Eli Friedman’s Insurgency Trap: A Review

 by Paul Garver

Insuregency Trap cover image

Eli Friedman’s Insurgency Trap: Labor Politics in Postsocialist China is indispensable for anyone trying to understand what is happening with hundreds of millions of internal migrant workers in China today. Postsocialist China has become the world’s largest manufacturing center and exporter to the rest of the world, and the future of Chinese society and of the global economy hinges on whether the new Chinese working class remains excluded from its social and political system.

Some readers may opt to skim through some of the technical sociological language, bearing testimony to the origin of the book as a doctoral thesis. But most of Insurgency Trap is made up of detailed and incisive description and analysis of specific case studies of the dynamics of Chinese “trade unions” in their interactions with workers. The chapter on Chen Weiguang, reformist leader of the Guangzhou Municipal Trade Union Federation is brilliant and revealing. Chen gave Eli Friedman full access to study the concrete results of some of his reform initiatives, and Friedman’s research reveals the limited accomplishments of even the most ambitious efforts at reforming China’s unions. Another superb chapter describes and analyzes the wave of strikes in Honda and Toyota auto parts supply plants that resulted in economic gains for workers, but achieved only very limited changes in the plant unions themselves.

Although I remain hopeful that the worker insurgency in China could leave to democratization of the sclerotic Communist Party and State controlled trade union apparatus, Insurgency Trap demonstrates enormous obstacles to real social advance when all avenues for autonomous political activity by workers remain closed. So long as the Chinese Communist Party remains so fearful of any independent political organization that it forbids any move towards genuine worker-controlled unions, the Chinese state will remain caught in its own “insurgency trap,” unable to advance towards a more inclusive society or make a positive contribution towards creating a more equitable global economy.

Insurgency Trap: Labor Politics in Postsocialist China by Eli Friedman is available from ILR Press, Ithaca, 2014, in paperback or in an Amazon Kindle edition.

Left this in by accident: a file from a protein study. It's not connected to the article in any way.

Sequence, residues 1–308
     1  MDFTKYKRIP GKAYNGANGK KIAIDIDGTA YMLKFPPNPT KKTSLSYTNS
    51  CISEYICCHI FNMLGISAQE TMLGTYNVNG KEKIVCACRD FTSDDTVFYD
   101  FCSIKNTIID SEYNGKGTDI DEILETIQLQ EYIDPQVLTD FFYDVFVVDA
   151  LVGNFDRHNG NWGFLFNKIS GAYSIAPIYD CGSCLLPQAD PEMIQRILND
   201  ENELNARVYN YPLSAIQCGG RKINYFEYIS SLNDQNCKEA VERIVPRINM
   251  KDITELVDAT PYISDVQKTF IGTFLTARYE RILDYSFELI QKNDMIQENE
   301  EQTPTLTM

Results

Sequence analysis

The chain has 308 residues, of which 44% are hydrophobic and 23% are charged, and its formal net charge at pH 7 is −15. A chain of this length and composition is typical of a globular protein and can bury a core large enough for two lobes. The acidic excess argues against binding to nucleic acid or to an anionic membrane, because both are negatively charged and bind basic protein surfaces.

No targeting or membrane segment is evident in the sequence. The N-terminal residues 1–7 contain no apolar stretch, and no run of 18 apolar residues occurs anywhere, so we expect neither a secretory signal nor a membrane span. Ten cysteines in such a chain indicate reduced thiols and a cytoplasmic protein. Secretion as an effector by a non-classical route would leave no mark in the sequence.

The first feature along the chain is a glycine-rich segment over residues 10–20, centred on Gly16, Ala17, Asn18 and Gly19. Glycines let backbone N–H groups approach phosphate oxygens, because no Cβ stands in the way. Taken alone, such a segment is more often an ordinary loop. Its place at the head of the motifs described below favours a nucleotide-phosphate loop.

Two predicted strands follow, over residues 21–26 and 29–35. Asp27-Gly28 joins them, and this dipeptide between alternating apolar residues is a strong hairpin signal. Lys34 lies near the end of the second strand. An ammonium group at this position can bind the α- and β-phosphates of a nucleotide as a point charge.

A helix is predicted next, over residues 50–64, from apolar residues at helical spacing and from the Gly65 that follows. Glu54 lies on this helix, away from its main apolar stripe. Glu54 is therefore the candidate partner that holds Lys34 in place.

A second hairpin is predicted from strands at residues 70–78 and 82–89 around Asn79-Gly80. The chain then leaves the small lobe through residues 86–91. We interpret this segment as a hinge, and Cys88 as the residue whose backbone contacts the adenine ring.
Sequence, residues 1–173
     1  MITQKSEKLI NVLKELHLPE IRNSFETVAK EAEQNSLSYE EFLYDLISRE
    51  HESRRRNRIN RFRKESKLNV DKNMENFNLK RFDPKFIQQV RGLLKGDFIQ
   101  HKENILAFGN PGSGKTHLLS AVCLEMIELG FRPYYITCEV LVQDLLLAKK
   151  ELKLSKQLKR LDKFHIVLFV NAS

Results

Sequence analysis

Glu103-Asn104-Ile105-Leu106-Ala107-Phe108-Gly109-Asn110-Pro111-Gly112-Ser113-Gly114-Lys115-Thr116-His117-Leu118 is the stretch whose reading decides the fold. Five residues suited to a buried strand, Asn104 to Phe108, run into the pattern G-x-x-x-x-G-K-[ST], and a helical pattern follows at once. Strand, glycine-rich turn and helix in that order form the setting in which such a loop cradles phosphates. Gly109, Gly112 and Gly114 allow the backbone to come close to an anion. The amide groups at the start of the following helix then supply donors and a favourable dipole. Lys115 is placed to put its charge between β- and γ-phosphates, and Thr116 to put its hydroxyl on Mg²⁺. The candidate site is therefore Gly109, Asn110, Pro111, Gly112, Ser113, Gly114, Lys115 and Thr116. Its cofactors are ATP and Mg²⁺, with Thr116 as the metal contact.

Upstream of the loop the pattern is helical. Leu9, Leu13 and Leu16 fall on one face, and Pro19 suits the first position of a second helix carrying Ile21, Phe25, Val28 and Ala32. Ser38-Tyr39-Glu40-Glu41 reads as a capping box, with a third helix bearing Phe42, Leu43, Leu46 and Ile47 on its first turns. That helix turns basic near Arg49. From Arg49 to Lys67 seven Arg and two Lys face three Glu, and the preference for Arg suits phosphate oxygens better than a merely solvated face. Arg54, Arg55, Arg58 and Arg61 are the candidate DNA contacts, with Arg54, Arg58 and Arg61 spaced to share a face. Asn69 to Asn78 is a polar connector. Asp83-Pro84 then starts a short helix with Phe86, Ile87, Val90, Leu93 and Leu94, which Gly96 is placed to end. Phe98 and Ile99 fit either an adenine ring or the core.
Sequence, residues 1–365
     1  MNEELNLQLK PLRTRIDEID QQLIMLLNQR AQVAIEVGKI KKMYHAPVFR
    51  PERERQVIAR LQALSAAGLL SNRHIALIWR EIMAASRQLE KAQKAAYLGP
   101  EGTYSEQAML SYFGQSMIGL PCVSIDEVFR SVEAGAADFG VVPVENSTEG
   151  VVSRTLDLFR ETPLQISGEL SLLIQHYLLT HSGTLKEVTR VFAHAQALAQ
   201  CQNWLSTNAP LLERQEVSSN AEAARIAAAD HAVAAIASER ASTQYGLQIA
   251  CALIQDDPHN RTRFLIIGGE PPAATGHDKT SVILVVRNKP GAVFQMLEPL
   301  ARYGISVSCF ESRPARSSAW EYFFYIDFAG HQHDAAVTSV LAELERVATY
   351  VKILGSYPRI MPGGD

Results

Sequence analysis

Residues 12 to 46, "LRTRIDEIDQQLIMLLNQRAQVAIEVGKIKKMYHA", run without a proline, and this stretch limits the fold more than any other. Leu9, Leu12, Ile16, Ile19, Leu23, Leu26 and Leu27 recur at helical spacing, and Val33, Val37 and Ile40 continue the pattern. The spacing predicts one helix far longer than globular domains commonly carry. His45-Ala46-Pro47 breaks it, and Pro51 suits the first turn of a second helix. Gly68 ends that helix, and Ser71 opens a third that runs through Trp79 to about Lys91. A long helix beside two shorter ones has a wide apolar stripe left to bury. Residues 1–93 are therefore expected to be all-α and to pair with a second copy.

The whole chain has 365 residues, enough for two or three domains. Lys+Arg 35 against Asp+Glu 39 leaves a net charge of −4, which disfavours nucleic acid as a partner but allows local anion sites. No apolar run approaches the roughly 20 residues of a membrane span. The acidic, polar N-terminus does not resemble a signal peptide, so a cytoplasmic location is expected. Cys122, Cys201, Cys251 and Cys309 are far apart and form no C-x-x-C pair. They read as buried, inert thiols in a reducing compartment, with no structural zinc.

UAW Local Union 42 Created at VW Chattanooga

by Paul Garver

The campaign to organize Volkswagen workers in Chattanooga is taking a new and interesting direction.

The UAW has chartered Local 42 as a new local organization representing workers at the VW plant.  According to the UAW press release, Local 42 will offer the workers the opportunity for a voice in the workplace similar to the VW works council system for employee representation in Germany.  Calling itself “Volkswagen’s works council partner,” the union pledged to continue its advocacy for state incentives to encourage VW to expand production and create jobs at the Chattanooga plant.

Unlike the usual American labor relations system the union will not have the right to exclusive representation, nor will it represent workers other than its own members.  However the UAW expects that the company will “recognize” the union once it has signed up a “meaningful” portion of its workforce as an organization that represents its own members.  Since the union had dropped its NLRB challenge to the February representation election it had narrowly lost, it could no longer at this time seek formal collective bargaining rights nor the right to exclusive representation of the work force.
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Dan Gallin’s Solidarity: A Review

by Paul Garver

gallinbookcover225Dan Gallin’s career as a socialist and union activist now spans more than six decades.   Child of an exiled Romanian diplomat, he was recruited to “Third Camp” Socialism (Socialist Youth League/International Socialist League) as a college student at the University of Kansas in the early 1950’s.  Forced to leave the USA for his political activities, he rejoined his family in Switzerland where he became a Swiss citizen and a member of the Swiss Socialist Party.  Opting to labor in the international workers’ movement rather than the socialist political movement, he joined the staff of the International Union of Food Workers (IUF), which he served as General Secretary from 1968 to 1997.

Solidarity is a collection of 19 of Dan Gallin’s essays, including  two autobiographical articles, three pieces from the late 1950s and early 1960s, one from his tenure as IUF General Secretary, and the  remainder from the last twelve years.  Dan Gallin’s interview by Eric Lee of LabourStart can serve as an introduction to the book.